Leisure Activities in Puerto Rico

San Juan, Puerto Rico
On the beach in San Juan, Puerto Rico (photo credit: Pablo Verdin)

During the beginning of the Industrial Era, work was a long daily ordeal that often lasts over 14 hours a day year round.  The notion of paid vacation was non-existent and holidays were rare.  Free time and therefore leisure activities were unimaginable.  Things began to change with the modernization of the industrial society, as technology improved productivity and workers gain more bargaining power through their technological skills.  Today, in Puerto Rico, it is not uncommon to have a five-day work week of eight hours per day, in addition to a number of paid vacation days during the year.

Another major difference between the Industrial Era and today is that one may be longer compelled to work in order to put bread on the table and pay the rent.  Nowadays people may consider their leisure time to be an important decision factor in choosing their work.  Thus, one may be willing to earn less money by working fewer hours in order to have more leisure time on hand.


Open-air music concert, San Juan, Puerto Rico 
(photo credit: Deborah Levy)

Street fair, San Juan, Puerto Rico
(photo credit: Deborah Levy)

So what do Puerto Ricans do with their leisure time?  We will present some survey results from the TGI Puerto Rico study, a survey of 2,055 individuals aged 12 or older, who were interviewed between February and April, 1999.  In the table below, we show a list of leisure activities and the percent of persons who said they did those activities either 'frequently' or 'sometimes' during the last 3 months.

Leisure Activity % did frequently last 3 months % did sometimes last 3 months
Read books 18.0% 12.2%
Went to beach/lake 9.5% 21.8%
Card games/board games/dominos 8.6% 14.1%
Exercised/went to gym 5.8% 9.3%
Dined out (not fast food) 5.8% 19.6%
Danced/went dancing 4.7% 12.7%
Home decoration/DIY project 4.5% 8.6%
Went to bars/nightclubs 3.3% 6.4%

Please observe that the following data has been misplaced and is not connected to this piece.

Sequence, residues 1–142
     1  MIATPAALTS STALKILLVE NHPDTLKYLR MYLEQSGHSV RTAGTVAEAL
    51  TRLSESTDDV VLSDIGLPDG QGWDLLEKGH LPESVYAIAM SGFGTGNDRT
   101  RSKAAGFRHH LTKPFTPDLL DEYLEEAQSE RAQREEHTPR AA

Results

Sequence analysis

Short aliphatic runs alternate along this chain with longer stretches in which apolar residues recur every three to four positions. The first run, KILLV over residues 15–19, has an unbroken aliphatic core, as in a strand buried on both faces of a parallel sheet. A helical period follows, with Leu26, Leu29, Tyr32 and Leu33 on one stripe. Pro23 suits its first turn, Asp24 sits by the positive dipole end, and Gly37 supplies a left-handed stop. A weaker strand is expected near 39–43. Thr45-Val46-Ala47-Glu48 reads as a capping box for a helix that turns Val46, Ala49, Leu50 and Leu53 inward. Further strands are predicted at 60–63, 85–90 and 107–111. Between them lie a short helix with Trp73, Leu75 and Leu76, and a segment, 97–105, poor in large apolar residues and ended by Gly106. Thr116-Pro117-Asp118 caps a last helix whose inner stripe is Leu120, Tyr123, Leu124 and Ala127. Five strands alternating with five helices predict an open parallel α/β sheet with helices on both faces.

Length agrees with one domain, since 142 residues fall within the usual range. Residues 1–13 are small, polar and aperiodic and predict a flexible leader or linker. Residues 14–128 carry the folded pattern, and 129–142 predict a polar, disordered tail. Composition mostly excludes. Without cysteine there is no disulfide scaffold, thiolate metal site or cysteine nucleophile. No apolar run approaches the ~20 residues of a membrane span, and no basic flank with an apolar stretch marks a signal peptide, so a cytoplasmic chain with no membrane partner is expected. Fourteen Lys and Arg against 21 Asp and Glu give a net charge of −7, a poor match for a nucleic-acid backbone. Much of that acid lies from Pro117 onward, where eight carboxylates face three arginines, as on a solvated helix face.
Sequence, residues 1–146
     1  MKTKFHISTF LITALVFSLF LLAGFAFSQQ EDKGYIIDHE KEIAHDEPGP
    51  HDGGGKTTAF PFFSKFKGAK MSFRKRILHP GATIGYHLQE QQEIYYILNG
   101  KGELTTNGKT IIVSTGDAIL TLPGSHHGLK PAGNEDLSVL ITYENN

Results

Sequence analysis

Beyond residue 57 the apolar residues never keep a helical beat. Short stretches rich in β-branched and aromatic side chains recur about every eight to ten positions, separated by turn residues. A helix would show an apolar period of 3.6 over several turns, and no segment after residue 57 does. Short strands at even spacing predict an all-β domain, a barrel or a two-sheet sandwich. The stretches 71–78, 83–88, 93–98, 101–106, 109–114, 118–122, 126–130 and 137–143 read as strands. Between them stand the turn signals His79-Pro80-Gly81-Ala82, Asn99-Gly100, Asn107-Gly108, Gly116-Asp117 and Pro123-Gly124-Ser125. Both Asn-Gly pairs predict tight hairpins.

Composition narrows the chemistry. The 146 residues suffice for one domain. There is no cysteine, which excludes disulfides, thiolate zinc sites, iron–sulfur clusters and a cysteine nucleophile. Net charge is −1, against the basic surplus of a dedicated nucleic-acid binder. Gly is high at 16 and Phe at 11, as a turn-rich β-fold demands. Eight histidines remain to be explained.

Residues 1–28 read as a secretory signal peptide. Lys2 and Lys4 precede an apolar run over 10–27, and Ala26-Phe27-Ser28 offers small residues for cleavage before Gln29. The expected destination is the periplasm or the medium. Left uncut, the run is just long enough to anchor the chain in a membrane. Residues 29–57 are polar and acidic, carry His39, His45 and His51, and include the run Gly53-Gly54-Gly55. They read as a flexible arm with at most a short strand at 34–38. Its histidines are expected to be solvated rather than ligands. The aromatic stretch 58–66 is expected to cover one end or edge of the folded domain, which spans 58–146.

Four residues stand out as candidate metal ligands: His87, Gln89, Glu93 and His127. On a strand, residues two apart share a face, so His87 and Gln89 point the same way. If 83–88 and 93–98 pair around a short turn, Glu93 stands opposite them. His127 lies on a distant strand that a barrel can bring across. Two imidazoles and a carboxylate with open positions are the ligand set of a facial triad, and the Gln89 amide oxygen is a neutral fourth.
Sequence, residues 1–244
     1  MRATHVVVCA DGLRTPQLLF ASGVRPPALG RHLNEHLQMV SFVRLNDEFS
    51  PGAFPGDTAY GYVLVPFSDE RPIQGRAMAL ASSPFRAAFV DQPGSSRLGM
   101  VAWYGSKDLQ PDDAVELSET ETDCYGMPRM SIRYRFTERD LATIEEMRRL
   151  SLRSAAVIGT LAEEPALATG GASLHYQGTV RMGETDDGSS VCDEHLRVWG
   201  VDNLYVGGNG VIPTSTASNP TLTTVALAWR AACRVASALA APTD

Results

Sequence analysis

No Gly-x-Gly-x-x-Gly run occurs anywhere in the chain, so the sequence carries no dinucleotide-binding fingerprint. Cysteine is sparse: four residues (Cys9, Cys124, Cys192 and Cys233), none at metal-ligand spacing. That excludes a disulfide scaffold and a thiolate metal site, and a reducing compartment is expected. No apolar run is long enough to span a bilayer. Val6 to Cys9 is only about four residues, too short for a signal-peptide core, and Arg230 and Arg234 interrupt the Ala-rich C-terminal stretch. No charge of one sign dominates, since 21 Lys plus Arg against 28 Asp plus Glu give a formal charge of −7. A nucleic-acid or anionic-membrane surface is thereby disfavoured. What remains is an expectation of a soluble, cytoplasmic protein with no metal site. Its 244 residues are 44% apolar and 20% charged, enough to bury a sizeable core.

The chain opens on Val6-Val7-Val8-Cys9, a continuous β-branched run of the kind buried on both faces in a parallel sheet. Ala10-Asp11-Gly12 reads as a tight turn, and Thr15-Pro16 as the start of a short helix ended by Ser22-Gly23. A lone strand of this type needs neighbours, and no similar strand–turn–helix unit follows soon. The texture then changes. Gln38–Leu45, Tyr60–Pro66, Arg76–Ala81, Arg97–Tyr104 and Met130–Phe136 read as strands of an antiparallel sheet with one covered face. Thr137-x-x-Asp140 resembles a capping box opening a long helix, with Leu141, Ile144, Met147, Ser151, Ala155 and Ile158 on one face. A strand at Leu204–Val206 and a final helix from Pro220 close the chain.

Attended concert 3.0% 9.7%
Attended cultural events 2.6% 8.1%

(source: TGI Puerto Rico, MediaFax Inc)

Participation in these leisure activities varies by demographics.  In the next table, we use a correspondence map to display the relationship between leisure activities by age/sex groups.  As one might expect, elderly people are book readers while young males are bar hoppers and dancers, and so on.


(source: TGI Puerto Rico, MediaFax Inc)

In the list of leisure activities, we see that attendance at cultural events was down at the bottom of the list.  This actually belies the importance and significance of cultural activities in Puerto Rican society.

First of all, the forging of a cultural identity is an essential component of all nationalistic programs.  What is sometimes forgotten is that there is not one nationalism, but many competing, evolving nationalisms seeking hegemony at any one moment.  In the case of Puerto Rico, the competitive landscape is much more obvious as the status of Puerto Rico is contested vigorously among three nationalist visions: statehood, commonwealth and independence.  Each nationalism enlists the cultural process on its side in the public debate about the future.  In turn, within each nationalism, there is not one but multiple cultural visions clamouring to be articulated.  As an example, all we need to do is to contemplate the polarized reception of music genres such as salsa, merengue, rap and reggae by different groups in Puerto Rico.

Perhaps just as importantly, the forging of a cultural identity is also an essential component of marketing strategies and advertising campaigns.  Corporations use images of Puerto Rican culture to advertise liquor, beer, cigarettes, and other products.  They also sponsor many cultural festivals and awards (e.g. Premio Budweiser al Artesano Mayor, Bacardi Folk Arts Fair, etc).


Domino game, San Juan, Puerto Rico
(photo credit: Deborah Levy)

Outdoor concert, San Juan, Puerto Rico
(photo credit: Deborah Levy)

Hard Rock Cafe, San Juan, Puerto Rico
(photo credit: Deborah Levy)

REFERENCES

(posted by Roland Soong on 2/05/00)


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